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  • Author or Editor: Barbara Majer-Dziedzic x
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The main volatile compounds from three medicinal plants belonging to Lamiaceae family were screened for their biological properties. The plants were Salvia officinalis, Thymus vulgaris, and Mentha × piperita containing as the main volatile constituents thujone, thymol, and menthol, respectively. The applied chromatographic system was silica gel developed with toluene-ethyl acetate (93:7). Thin-layer chromatography — direct bioautography (TLC-DB) against Escherichia coli and Bacillus subtilis was used for detection of antibacterial activity of the plant extracts and essential oils. The bioautographic fingerprints were compared with the fingerprints obtained after derivatization with anisaldehyde.

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Coffee, due to its common consumption, is one of the main sources of polyphenols in human diet. Coffee species and coffee-related products differ in composition and content of main components, such as chlorogenic acid and caffeine. Chemical and biological fingerprints of various Coffea arabica L. extracts were obtained in order to check and compare their antibacterial and antioxidant properties. The antibacterial activity of green and roasted coffee seeds and pomace was evaluated against Bacillus subtilis using thin-layer chromatography (TLC)-direct bioautography. TLC-2,2-diphenyl-1-picrylhydrazyl (DPPH) test was used to determine antioxidant properties of the afore-mentioned extracts. Furthermore, different solvents and several extraction methods such as simple maceration, maceration under stirring, and ultrasonic accelerated extraction were tested. The most efficient method of extraction of caffeine and chlorogenic acid was chosen based on quantitative TLC analysis. Additionally, these two main components of coffee were quantitatively determined in commercial products of green coffee.

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Commercially available hop pellets of different origins were extracted by use of ethanol and water, chromatographed on silica layers by use of nonaqueous eluents, chemically derivatized and observed in ultraviolet (UV) light for the localization of component bands. The plates were developed in optimized systems, and direct bioautographic method by use of Bacillus subtilis and Escherichia coli strains was applied for the examination of the antimicrobial activities of hop components. The method enables for the identification of bactericidal/bacteriostatic components in the extracts of different polarities and shows differences in the composition of extracts from various varieties from an antimicrobial point of view.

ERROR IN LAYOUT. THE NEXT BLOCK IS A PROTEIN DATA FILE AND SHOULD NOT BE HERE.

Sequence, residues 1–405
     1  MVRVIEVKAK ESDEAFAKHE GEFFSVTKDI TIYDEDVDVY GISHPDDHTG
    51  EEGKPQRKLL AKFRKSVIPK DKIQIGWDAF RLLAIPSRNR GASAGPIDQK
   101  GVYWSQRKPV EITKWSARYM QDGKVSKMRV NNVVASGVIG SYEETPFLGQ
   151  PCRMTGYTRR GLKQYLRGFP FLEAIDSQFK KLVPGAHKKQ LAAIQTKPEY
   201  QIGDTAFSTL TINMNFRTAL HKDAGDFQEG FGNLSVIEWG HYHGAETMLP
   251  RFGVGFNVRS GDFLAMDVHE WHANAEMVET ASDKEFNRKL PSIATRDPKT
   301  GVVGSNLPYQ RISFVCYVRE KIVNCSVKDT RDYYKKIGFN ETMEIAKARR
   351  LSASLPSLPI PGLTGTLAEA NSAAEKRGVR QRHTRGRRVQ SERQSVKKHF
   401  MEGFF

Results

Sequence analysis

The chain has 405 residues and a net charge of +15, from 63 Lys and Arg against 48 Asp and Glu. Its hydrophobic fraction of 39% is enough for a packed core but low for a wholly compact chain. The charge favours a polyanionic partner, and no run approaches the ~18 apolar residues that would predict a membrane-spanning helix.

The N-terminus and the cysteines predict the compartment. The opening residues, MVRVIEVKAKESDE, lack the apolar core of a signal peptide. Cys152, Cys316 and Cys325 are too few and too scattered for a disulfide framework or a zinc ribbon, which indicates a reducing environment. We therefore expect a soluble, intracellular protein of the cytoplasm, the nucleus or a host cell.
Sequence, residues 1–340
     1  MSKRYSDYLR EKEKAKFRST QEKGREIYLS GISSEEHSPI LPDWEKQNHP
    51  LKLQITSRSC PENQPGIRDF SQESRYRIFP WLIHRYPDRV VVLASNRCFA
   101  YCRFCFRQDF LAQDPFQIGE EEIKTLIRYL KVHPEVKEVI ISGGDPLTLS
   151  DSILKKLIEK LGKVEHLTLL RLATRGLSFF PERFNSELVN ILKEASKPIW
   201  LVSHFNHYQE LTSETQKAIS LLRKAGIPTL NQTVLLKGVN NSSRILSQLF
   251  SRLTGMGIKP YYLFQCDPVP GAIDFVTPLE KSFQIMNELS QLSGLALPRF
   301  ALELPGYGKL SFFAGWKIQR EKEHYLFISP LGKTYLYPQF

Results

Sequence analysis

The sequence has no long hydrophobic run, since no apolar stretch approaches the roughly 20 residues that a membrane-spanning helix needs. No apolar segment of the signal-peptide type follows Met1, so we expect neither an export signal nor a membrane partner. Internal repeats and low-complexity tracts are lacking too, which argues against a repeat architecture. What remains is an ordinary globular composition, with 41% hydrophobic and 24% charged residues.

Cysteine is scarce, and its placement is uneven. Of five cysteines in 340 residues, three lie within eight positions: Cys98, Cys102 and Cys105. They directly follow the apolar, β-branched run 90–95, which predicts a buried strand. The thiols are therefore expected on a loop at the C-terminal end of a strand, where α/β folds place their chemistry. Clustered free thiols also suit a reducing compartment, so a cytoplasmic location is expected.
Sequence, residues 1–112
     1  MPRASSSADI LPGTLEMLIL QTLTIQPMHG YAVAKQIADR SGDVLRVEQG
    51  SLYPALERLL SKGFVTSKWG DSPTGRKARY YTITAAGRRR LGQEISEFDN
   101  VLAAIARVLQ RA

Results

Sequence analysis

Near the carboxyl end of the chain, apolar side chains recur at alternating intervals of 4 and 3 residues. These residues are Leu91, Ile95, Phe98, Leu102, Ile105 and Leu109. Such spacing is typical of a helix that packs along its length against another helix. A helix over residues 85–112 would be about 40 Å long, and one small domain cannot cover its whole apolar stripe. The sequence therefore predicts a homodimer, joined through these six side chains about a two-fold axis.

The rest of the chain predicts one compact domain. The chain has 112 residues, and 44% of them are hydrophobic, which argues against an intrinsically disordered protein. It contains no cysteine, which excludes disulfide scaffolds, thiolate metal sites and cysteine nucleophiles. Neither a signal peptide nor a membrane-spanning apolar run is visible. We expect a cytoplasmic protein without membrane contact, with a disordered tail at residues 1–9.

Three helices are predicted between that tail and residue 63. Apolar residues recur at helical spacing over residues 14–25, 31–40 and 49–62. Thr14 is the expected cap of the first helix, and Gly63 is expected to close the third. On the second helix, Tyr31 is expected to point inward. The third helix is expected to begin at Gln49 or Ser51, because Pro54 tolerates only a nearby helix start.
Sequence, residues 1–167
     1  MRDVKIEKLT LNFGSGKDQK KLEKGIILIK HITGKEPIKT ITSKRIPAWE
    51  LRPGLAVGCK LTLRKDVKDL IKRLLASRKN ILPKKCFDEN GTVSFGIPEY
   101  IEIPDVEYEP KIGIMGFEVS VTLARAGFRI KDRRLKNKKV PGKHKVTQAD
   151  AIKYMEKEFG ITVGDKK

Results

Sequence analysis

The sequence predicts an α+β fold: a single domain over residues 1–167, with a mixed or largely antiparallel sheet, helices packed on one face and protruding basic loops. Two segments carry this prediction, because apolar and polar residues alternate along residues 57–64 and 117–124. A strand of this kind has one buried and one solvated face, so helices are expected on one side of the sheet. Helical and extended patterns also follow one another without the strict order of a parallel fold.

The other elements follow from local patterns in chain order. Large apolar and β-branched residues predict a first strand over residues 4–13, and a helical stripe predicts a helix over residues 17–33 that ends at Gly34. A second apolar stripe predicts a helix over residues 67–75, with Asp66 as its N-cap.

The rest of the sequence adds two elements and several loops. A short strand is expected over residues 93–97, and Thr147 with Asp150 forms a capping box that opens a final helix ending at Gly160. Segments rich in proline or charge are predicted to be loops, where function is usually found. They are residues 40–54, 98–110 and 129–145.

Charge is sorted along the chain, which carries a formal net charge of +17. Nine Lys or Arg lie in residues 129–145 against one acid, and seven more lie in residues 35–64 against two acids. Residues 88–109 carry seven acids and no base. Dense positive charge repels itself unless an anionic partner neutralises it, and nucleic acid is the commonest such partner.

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In this study, thin-layer chromatography—direct bioautography (TLC—DB) was used for guiding the isolation and identification of antibacterial constituents of Thymus vulgaris L. ethanol extract. This TLC—bioassay method enables the separation and detection of active components directly on the surface of chromatographic plates. They can be identified by comparison with reference substances or using physicochemical methods, preferably spectroscopic ones (liquid chromatography—tandem mass spectrometry [LC—MS/MS], in the presented paper). The described method belongs to the effect-directed analyses (EDA). Seven bacterial strains were used as test organisms, both pathogenic and nonpathogenic, including methicillin-resistant Staphylococcus aureus as well as luminescent bacteria like Aliivibrio fischeri. Five fractions with the widest antimicrobial spectra were detected using TLC—DB, isolated by semi-preparative TLC and subjected to LC—MS/MS analyses. Finally, two bioactive components were tentatively identified, basing on their fragmentation pattern, as eriodictyol and 4,4′-dihydroxy-5,5′-diisopropyl-2,2′-dimethyl-3,6-bifenylodion.

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Thin-layer chromatography—direct bioautography (TLC—DB) followed by liquid chromatography—tandem mass spectrometry (LC—MS/MS) was used for screening and tentative identification of the antibacterial constituents of Salvia officinalis L. ethanol extract. Seven bacterial strains were used as test organisms, both pathogenic and nonpathogenic, that is, Staphylococcus aureus, methicillin-resistant S. aureus (MRSA), Staphylococcus epidermidis, Micrococcus luteus, Bacillus subtilis, luminescence gene-tagged Pseudomonas syringae pv. maculicola, and naturally luminescent marine bacterium Aliivibrio fischeri. Eight fractions with the widest antimicrobial spectrum were detected using TLC—DB, isolated by semi-preparative TLC, and subjected to LC—MS/MS analyses. Finally, five bioactive components were tentatively identified, based on their fragmentation pattern, such as salvigenin, cirsimaritin, rosmanol, carnosic acid, and 12-O-methyl carnosic acid.

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